Bessie Coleman blazes a trail for Red Tails

Rylan Lane, Staff Writer














When we think of early African American pilots, most people typically think of the Tuskegee Airmen of World War II. However, there is a woman who spread the wings of flight for her people much earlier than those brave men from Tuskegee.  Like many who felt oppressed in America in the early twentieth century, Bessie Coleman moved to France for a true feeling of freedom and acceptance. By the 1920’s, racial segregation still had another 30 years before being outlawed, and women had just received the right to vote. In the U.S. it was a challenging time to be a black woman trying to make her way in the world, let alone to become an aviator (, Editors). 


Bessie Coleman endured both of these disadvantages at the same time to achieve her goal. Coleman was fascinated with flying since “she began listening to and reading stories of World War I pilots” (, Editors). From then on Coleman had her dreams set on being a pilot. Bessie Coleman applied at numerous flight schools all over the United States but to no avail; the prejudices against her race and gender were insurmountable in America. Not letting her dream die, Bessie Coleman set off for France where she had more success. Bessie Coleman received her pilot’s license on June 15, 1921, becoming the first female African American pilot (, Editors).


Back in the United States, Coleman made a living through stunt flying, parachuting, and barnstorming. In 1922, she became the first African American woman to make a public flight in the United States (, Editors).


Sadly, on April 30, 1926, Coleman passed away after a crash during a rehearsal for one of her aerial shows. Coleman never achieved her dream of opening a pilot school for African Americans in the United States. However, through her efforts, Coleman proved to the American public that African Americans could fly just as well as any other pilot. In the space of just six years, Coleman made massive advancements in the fight against racial and gender discrimination, inspiring others for years to come to follow in her footsteps and stand up to discrimination to achieve their dreams. Coleman especially impacted the next generation of black pilots, who the U.S. military would desperately need (, Editors).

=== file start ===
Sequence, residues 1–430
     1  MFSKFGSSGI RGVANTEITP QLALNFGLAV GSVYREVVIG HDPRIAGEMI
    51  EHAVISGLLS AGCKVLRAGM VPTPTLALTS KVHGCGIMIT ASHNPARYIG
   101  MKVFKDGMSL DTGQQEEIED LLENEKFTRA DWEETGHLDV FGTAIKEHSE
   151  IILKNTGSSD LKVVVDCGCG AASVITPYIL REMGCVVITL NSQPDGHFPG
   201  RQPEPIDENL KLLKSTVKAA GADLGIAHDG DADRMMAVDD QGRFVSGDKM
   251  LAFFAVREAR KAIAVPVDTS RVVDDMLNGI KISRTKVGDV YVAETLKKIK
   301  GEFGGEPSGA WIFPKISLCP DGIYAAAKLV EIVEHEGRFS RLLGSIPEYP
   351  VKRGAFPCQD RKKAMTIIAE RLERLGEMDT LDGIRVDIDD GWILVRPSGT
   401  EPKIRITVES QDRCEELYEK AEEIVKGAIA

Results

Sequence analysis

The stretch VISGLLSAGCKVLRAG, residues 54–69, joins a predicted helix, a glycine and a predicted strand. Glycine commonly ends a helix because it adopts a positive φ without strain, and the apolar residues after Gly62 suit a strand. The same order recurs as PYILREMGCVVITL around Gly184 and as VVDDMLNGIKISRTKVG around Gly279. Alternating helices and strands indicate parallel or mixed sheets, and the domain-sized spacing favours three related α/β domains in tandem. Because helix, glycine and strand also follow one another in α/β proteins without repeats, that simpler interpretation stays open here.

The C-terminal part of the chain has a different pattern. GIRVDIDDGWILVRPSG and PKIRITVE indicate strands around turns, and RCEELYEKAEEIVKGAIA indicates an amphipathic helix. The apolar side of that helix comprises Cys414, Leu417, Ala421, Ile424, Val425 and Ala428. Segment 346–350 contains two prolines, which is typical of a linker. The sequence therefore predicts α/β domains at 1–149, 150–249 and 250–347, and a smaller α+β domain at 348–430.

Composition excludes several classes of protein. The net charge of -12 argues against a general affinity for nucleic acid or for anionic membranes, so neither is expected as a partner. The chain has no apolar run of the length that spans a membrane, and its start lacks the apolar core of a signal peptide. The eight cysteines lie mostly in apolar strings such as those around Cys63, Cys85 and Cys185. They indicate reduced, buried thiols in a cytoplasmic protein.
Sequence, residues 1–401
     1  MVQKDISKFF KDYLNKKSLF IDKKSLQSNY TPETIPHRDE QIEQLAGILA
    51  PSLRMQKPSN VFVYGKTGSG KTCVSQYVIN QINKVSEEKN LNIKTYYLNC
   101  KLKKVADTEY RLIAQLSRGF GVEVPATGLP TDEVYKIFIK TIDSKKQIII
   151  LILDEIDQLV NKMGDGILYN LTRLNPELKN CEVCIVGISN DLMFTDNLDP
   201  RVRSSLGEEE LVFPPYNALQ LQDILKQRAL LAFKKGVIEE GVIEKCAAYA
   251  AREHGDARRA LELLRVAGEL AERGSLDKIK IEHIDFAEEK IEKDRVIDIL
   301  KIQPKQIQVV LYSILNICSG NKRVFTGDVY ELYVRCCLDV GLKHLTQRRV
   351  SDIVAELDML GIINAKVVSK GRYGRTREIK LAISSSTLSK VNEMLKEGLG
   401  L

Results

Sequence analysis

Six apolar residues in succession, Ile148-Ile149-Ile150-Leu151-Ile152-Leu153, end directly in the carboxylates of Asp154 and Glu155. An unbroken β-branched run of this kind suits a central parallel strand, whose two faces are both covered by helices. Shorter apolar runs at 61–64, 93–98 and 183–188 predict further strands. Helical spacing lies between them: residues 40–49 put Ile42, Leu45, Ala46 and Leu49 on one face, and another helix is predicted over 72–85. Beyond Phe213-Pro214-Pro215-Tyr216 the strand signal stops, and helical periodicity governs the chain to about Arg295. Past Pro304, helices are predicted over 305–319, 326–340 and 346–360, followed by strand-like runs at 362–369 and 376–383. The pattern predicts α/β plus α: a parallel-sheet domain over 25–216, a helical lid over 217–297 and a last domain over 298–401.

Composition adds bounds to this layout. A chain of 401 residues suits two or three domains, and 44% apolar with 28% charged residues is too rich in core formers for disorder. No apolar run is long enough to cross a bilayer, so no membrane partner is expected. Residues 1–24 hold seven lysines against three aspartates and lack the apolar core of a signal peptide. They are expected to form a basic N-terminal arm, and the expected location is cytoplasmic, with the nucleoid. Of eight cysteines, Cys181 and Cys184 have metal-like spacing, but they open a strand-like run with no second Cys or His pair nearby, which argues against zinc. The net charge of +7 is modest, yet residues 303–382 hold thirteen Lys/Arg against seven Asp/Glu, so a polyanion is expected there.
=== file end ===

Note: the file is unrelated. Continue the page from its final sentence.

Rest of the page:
15,000 missions throughout World War II, shooting down dozens of opposing forces using subpar planes: this is the work of a prestigious group of pilots known as the Tuskegee Airmen, the first black soldiers to serve the United States as military aviators. Throughout the war, these pilots flew more than fifteen thousand missions, combined, earning 150 distinguished flying awards (, Editors).


Escort missions are the jobs which earned these Airmen “their nickname, Red Tails. They would paint the tail of their plane red for identification purposes” (, Editors). A myth that came out of the war about the Tuskegee Airmen was that “in more than 200 escort missions, the Tuskegee Airmen had never lost a bomber” (, Editors). This was later disproved, when it was discovered that they lost about 25 bombers, still leagues ahead of other escort groups, who lost around 46 bombers. This was a huge milestone when going against the prejudices that African Americans are worse pilots simply by nature. This is even more memorable considering the fact that the Red Tails were flying with planes that were outdated. On top of that, they were rarely given the right equipment to repair them (, Editors). They inspire us with their attitude of finding a way to make things happen, even when the deck is stacked against you. 

The Red Tails were a huge force during WWII that crippled the German war machine, as “they had destroyed or damaged 36 German plans in the air and 237 on the ground, as well as nearly 1,000 rail cars and transport vehicles and a German destroyer” (, Editors). Through their efforts, the Red Tails proved that they could fly just as well as any other pilot, even while having the massive discrimination and disadvantages that they did.













Article Title: Tuskegee Airmen

Author: Editors

Website Name:


Access Date: February 6th, 2020

Publisher: A&E Television Networks

Last Updated : January 16, 2020

Original Publish Date: November 9th, 2009


Article Title: Bessie Coleman

Author:, Editors

Website Name:


Access Date: February 7th, 2020

Publisher: A&E Television Networks

Last Updated: January 16, 2020

Original Publish Date: April 1st, 2014


Bessie Coleman Photo


Tuskegee Airmen Photo


P51 Mustang Photo